The Thaw Age: Impending Impact of Cataclysmic Climate Change

Alexandra Jensen, Staff Writer

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Climate change has appeared sporadically in the news media in recent years. The effects of human development have been a catalyst for a number of problems that will affect generations to come. Drastic declines in many animal populations, the increasing severity and frequency of natural disasters, melting ice sheets and glaciers – among many other consequences – have caused problems such as rising sea levels and agricultural inefficiency.

The rise in global temperatures have aided in the loss of ice mass. This has destroyed habitats for species such as the polar bear, which is now endangered. These animals are key predators and necessary to maintaining other species’ population and the survival of an entire ecosystem.

The rise in atmospheric temperature has caused large portions of glaciers and icecaps in Greenland and Antarctica to break away.

From the North to the South Pole, the glaciers and arctic ice sheets have begun to crack and disintegrate. These ice chunks will go on to melt and contribute to rising sea levels, which may begin to flood coastal cities in the near future.

To better understand the issue from a scientific standpoint, Ben Schneider, a student of glaciology at the University of Washington, was interviewed about melting glaciers and ice sheets.

Schneider describes glaciology as the “study [of] the cryosphere, which includes glaciers, ice caps and ice sheets, to name a few, and its sensitivity to climate.”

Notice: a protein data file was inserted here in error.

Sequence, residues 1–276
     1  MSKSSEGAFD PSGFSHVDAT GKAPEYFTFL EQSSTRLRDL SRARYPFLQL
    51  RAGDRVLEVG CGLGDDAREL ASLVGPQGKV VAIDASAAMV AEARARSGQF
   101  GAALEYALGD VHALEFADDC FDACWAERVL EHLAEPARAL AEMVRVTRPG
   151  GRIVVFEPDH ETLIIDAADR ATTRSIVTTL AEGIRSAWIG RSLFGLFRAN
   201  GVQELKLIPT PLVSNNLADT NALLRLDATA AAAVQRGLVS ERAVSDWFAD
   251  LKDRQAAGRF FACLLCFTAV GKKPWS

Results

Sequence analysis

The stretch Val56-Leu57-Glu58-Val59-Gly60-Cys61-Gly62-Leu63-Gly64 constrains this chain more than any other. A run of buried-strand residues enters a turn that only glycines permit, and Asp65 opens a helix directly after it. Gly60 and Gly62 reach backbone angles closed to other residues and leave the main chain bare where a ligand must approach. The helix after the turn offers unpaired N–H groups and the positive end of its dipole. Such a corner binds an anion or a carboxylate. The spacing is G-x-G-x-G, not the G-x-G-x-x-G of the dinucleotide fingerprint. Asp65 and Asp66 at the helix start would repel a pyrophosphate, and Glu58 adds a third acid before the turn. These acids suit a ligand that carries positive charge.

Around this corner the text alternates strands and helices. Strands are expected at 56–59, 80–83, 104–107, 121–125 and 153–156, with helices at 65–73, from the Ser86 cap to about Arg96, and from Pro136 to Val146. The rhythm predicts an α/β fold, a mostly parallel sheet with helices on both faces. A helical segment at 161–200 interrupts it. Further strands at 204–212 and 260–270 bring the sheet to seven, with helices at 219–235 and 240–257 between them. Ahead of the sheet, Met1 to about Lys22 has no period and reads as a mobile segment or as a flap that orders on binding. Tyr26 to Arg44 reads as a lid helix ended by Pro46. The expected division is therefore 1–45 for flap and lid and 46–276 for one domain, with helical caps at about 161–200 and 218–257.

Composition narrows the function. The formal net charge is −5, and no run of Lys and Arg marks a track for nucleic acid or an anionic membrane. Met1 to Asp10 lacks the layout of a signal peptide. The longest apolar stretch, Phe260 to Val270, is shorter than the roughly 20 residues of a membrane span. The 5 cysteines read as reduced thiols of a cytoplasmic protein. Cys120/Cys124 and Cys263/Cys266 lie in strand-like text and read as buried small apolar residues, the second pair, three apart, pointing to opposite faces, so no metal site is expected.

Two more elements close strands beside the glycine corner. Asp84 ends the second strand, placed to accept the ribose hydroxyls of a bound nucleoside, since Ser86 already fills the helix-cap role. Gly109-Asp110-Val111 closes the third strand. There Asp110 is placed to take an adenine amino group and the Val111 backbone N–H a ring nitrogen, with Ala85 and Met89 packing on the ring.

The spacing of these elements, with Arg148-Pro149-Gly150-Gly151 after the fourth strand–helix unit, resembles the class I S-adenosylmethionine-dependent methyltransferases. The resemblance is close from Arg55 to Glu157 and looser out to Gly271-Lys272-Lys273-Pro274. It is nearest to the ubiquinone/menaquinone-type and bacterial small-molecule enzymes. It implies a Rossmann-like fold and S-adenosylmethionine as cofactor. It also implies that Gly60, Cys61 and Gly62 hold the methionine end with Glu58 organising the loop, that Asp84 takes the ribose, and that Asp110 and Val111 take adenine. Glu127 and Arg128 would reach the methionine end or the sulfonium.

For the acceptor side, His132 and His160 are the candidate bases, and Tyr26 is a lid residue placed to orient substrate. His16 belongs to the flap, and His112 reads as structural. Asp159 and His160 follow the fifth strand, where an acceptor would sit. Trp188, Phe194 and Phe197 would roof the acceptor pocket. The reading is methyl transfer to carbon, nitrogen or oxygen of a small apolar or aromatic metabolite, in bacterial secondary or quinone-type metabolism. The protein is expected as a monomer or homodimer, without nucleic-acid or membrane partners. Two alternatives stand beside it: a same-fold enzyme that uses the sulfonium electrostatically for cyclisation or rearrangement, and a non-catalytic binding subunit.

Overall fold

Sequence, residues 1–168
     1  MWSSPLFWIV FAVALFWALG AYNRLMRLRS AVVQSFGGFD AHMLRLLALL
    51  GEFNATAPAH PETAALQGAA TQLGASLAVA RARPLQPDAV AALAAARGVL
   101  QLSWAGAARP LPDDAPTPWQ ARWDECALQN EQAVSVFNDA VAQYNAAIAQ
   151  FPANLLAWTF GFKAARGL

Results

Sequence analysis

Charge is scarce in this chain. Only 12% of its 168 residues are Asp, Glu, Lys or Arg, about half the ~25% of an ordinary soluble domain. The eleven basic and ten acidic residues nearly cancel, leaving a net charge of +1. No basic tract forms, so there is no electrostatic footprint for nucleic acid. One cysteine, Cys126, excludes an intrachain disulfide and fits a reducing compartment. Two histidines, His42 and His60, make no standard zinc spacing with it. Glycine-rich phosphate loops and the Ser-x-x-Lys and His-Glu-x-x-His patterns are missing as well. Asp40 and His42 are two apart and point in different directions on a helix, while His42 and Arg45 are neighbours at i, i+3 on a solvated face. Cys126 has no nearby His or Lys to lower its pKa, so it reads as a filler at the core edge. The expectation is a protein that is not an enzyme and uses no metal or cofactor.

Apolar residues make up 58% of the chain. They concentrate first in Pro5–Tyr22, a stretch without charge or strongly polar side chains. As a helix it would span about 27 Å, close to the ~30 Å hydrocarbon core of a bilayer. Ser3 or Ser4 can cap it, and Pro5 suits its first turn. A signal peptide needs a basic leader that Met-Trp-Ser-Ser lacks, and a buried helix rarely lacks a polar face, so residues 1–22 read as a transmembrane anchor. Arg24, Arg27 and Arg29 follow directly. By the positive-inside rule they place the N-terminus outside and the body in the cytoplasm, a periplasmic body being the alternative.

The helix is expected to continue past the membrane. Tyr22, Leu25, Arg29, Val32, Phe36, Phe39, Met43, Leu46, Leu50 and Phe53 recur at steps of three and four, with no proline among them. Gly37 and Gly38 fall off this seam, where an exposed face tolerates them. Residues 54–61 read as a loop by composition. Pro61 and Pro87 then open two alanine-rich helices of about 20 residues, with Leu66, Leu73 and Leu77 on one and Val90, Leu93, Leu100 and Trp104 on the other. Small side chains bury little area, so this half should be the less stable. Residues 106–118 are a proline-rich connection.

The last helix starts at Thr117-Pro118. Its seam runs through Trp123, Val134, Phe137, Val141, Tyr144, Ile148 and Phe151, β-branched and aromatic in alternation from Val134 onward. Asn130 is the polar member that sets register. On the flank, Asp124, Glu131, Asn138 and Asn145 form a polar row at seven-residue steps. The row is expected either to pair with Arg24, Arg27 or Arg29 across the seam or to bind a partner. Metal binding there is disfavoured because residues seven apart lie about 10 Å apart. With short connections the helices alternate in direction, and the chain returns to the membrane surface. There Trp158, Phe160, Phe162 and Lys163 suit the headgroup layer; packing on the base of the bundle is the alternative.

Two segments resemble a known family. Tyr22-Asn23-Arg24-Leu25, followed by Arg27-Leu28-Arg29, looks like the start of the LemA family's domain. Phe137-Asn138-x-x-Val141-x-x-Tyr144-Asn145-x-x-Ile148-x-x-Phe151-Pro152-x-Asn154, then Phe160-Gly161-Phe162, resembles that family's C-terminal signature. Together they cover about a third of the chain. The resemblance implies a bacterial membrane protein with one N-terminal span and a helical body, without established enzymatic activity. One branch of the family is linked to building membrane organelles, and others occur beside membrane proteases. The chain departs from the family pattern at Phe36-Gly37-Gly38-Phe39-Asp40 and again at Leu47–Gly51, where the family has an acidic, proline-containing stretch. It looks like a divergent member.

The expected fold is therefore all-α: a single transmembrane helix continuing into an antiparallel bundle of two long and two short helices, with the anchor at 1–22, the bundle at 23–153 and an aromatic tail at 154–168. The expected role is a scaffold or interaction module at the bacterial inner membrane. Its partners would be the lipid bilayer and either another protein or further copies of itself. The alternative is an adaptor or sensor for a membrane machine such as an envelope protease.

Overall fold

Using a combination of fieldwork, satellite remote sensing techniques and computer simulations, scientists are able to study the dynamics between the cryosphere and the Earth’s climate.

For example, “the large areas covered by snow and sea ice reflect solar radiation away from the Earth’s surface and thereby influence the heat,” he said.

This area of study is what contributes to most of the knowledge we have about climate change, and continues to supply further information as to the fate of our planet.

Within our school, students have outspoken interest in the issue of climate change, stemming from the media in particular.

Kendall Boone,’19, Founder of Saving Endangered Animals (S.E.A), has her own opinions which reflects that of many MHS students.

Boone says that she is “aware that the consequences could [affect] entire ecosystems collapsing, but I do not hear about it in the news, just from social media,”

Despite the lack of clear coverage from our traditional news media, students have proven to stay active with the help of social media.

Due to the loss of ice sheets and glacier mass, sea levels continue to rise, which will affect our planet’s many environments and impact the lives of millions. It is crucial to stay aware of climate change and   do our best to mitigate its potentially catastrophic effects.

 

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